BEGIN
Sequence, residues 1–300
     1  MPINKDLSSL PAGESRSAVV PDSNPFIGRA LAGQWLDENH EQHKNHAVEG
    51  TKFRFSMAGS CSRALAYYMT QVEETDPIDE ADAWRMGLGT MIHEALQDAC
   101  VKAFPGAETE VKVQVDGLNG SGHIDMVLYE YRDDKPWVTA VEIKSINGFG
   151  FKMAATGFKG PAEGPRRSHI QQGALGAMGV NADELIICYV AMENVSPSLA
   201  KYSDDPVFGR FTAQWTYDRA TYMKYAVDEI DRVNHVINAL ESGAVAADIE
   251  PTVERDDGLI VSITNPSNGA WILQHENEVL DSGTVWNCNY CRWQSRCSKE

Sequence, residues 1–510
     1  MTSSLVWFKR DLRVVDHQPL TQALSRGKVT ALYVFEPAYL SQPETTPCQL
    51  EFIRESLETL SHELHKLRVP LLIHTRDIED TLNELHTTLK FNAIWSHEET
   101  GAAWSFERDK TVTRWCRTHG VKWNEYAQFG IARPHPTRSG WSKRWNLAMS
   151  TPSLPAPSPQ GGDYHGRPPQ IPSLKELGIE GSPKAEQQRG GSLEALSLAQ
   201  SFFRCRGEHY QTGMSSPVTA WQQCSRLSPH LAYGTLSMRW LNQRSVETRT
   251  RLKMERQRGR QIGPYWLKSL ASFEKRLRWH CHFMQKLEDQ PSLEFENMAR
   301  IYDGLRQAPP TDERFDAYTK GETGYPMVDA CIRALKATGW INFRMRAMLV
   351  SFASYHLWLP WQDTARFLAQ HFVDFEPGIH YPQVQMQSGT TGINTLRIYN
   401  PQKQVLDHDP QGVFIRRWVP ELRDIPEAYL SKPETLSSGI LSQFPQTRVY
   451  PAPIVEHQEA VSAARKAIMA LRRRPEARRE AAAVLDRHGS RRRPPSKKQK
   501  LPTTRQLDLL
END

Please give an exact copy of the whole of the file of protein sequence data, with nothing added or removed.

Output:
Sequence, residues 1–300
     1  MPINKDLSSL PAGESRSAVV PDSNPFIGRA LAGQWLDENH EQHKNHAVEG
    51  TKFRFSMAGS CSRALAYYMT QVEETDPIDE ADAWRMGLGT MIHEALQDAC
   101  VKAFPGAETE VKVQVDGLNG SGHIDMVLYE YRDDKPWVTA VEIKSINGFG
   151  FKMAATGFKG PAEGPRRSHI QQGALGAMGV NADELIICYV AMENVSPSLA
   201  KYSDDPVFGR FTAQWTYDRA TYMKYAVDEI DRVNHVINAL ESGAVAADIE
   251  PTVERDDGLI VSITNPSNGA WILQHENEVL DSGTVWNCNY CRWQSRCSKE

Sequence, residues 1–510
     1  MTSSLVWFKR DLRVVDHQPL TQALSRGKVT ALYVFEPAYL SQPETTPCQL
    51  EFIRESLETL SHELHKLRVP LLIHTRDIED TLNELHTTLK FNAIWSHEET
   101  GAAWSFERDK TVTRWCRTHG VKWNEYAQFG IARPHPTRSG WSKRWNLAMS
   151  TPSLPAPSPQ GGDYHGRPPQ IPSLKELGIE GSPKAEQQRG GSLEALSLAQ
   201  SFFRCRGEHY QTGMSSPVTA WQQCSRLSPH LAYGTLSMRW LNQRSVETRT
   251  RLKMERQRGR QIGPYWLKSL ASFEKRLRWH CHFMQKLEDQ PSLEFENMAR
   301  IYDGLRQAPP TDERFDAYTK GETGYPMVDA CIRALKATGW INFRMRAMLV
   351  SFASYHLWLP WQDTARFLAQ HFVDFEPGIH YPQVQMQSGT TGINTLRIYN
   401  PQKQVLDHDP QGVFIRRWVP ELRDIPEAYL SKPETLSSGI LSQFPQTRVY
   451  PAPIVEHQEA VSAARKAIMA LRRRPEARRE AAAVLDRHGS RRRPPSKKQK
   501  LPTTRQLDLL